In the five years till 2010-11, India’s microfinance sector—self-help groups (SHGs) and private companies lending small sums to the poor—doubled its customer base to 90 million, according to an Access report, and increased its loan portfolio by 225 per cent to an estimated Rs 70,000 crore, according to Microfinance Institutions Network (MFIN), a representative body of private lenders. Much of this growth was thanks to funds made available by regular banks, for whom the Government had designated microfinance a ‘priority sector’—to which money had perforce to be allotted. “Microfinance institutions (MFIs) were able to demonstrate that they can reach out to the poor and provide them microloans via a non-subsidy based economically viable model,” says Alok Prasad, CEO of MFIN.
All seemed well, but in 2010, the sector was hit by a crisis. Unethical practices adopted by a few run-riot lenders came to light in rural Andhra Pradesh. Some of them were found charging customers usurious rates and using strongarm tactics for repayments. Then, in response to a series of suicides by over-indebted borrowers, the state government banned microlending. Coercive recovery practices were to blame for the deaths, it said. Although MFIs deny any role in the suicides, they do admit that “mistakes were made in the past” (for which “corrective action” has been taken), in the words of Vijay Mahajan, president, MFIN. “The motivation of some MFIs changed from legitimate profit to unethical profiteering,” he says, “which invited a natural backlash from the Andhra government and society, thereby bringing the whole sector to a virtual halt in the state.”
Not only did MFIs operating in Andhra lose their funding, the sector’s lost legitimacy meant that vast numbers of borrowers simply stopped repaying their loans. About 7 million customers refused to pay MFIs back an estimated Rs 7,000 crore. “The AP legislation has robbed the poor of their creditworthiness, who otherwise have been performing so well with a repayment rate of 99 per cent,” complains Prasad.
Many customers had been juggling credit, since they could also borrow from SHGs: groups of villagers who pool money for group members to borrow turn by turn. Since Andhra’s SHGs had access to subsidised funds from banks (as part of state policy), they could lend money at an annual interest rate of only 3 per cent, and that too on flexible repayment terms. In contrast, private MFIs, which had larger loans to offer, were lending at 40 per cent or more. Given the gap, some villagers started borrowing from SHGs to pay their weekly MFI loan instalments. Over time, SHGs saw repayments decline while MFIs got a near perfect payback record. This is why some MFI executives suspect Andhra’s ban of being a measure to protect SHGs from private competition.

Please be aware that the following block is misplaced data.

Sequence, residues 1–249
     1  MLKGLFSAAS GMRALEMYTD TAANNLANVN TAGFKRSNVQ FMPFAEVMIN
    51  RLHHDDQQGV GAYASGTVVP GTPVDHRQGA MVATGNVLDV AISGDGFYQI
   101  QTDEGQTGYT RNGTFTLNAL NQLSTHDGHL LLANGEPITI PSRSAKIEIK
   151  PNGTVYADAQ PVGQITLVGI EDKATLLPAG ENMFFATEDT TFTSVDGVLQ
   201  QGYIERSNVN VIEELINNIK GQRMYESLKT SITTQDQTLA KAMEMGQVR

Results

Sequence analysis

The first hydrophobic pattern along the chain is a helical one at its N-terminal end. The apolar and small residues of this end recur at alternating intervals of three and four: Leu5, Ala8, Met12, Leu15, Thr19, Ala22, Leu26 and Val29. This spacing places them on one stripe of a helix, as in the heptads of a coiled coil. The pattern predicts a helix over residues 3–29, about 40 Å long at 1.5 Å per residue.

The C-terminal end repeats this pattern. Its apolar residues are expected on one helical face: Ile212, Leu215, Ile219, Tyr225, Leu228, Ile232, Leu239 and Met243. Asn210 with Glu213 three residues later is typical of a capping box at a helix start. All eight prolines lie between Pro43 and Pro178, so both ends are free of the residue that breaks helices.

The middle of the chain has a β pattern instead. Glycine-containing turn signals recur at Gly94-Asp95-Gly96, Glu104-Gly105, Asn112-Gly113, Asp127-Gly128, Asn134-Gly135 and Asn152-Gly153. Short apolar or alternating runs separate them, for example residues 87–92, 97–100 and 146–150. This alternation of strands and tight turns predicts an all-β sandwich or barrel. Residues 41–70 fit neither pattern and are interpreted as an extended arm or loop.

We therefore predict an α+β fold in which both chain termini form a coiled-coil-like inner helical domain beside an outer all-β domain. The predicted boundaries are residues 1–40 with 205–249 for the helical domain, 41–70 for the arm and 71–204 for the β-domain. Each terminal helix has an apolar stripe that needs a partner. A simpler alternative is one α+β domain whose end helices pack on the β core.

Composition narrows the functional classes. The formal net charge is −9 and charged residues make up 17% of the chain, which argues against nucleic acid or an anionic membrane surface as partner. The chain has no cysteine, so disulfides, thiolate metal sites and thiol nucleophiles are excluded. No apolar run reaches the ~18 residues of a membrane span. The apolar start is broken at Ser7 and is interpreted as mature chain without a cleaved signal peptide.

However, defenders of the ban argue that MFIs had been exploiting the poor, charging rates far higher than justified by the extra costs entailed in serving customers in far-flung rural areas. Taking a grim view of this, the RBI has regulated the sector since mid-2011, capping loans at Rs 50,000 per borrower, interest rates at 26 per cent, and an MFI’s interest margin at 12 per cent. So if an MFI borrows funds from a bank at 14 per cent and lends to villagers at 26 per cent, the ‘spread’ of 12 per cent is expected to be enough to cover costs.
Such caps go against free-market principles, but MFIs have no choice but to accept them. “In the present circumstances, regulation was necessary,” says Mahajan, “but in the course of time [if the industry behaves itself], the sector need not be micro-managed.” Dilli Raj, CFO, SKS Microfinance, the only microlender whose stock is traded publicly, takes a pragmatic view: “Philosophically, we are opposed to the capping of interest rates. However, abiding by these regulations is the only way to stop contagion risk from spreading.”
The sector is showing signs of revival now. With access to 68 million loan records, MFIs are better placed to identify those who take multiple loans (and are likely to default). Since October 2011, banks have started lending selectively to MFIs. Sensing profit potential, private equity players are keen on investing in some of them. With annual demand placed at Rs 750,000 crore, there is vast scope for expansion. But for India to rely on MFIs to fulfil its ‘financial inclusion’ agenda would be foolish. Instead, their success ought to spur SHGs and other state programmes to get their act together in rural India. “Cooperation and competition will both go up,” says Ajaykumar Tannirkulam, executive director, Centre for Micro Finance, “which is great for clients.”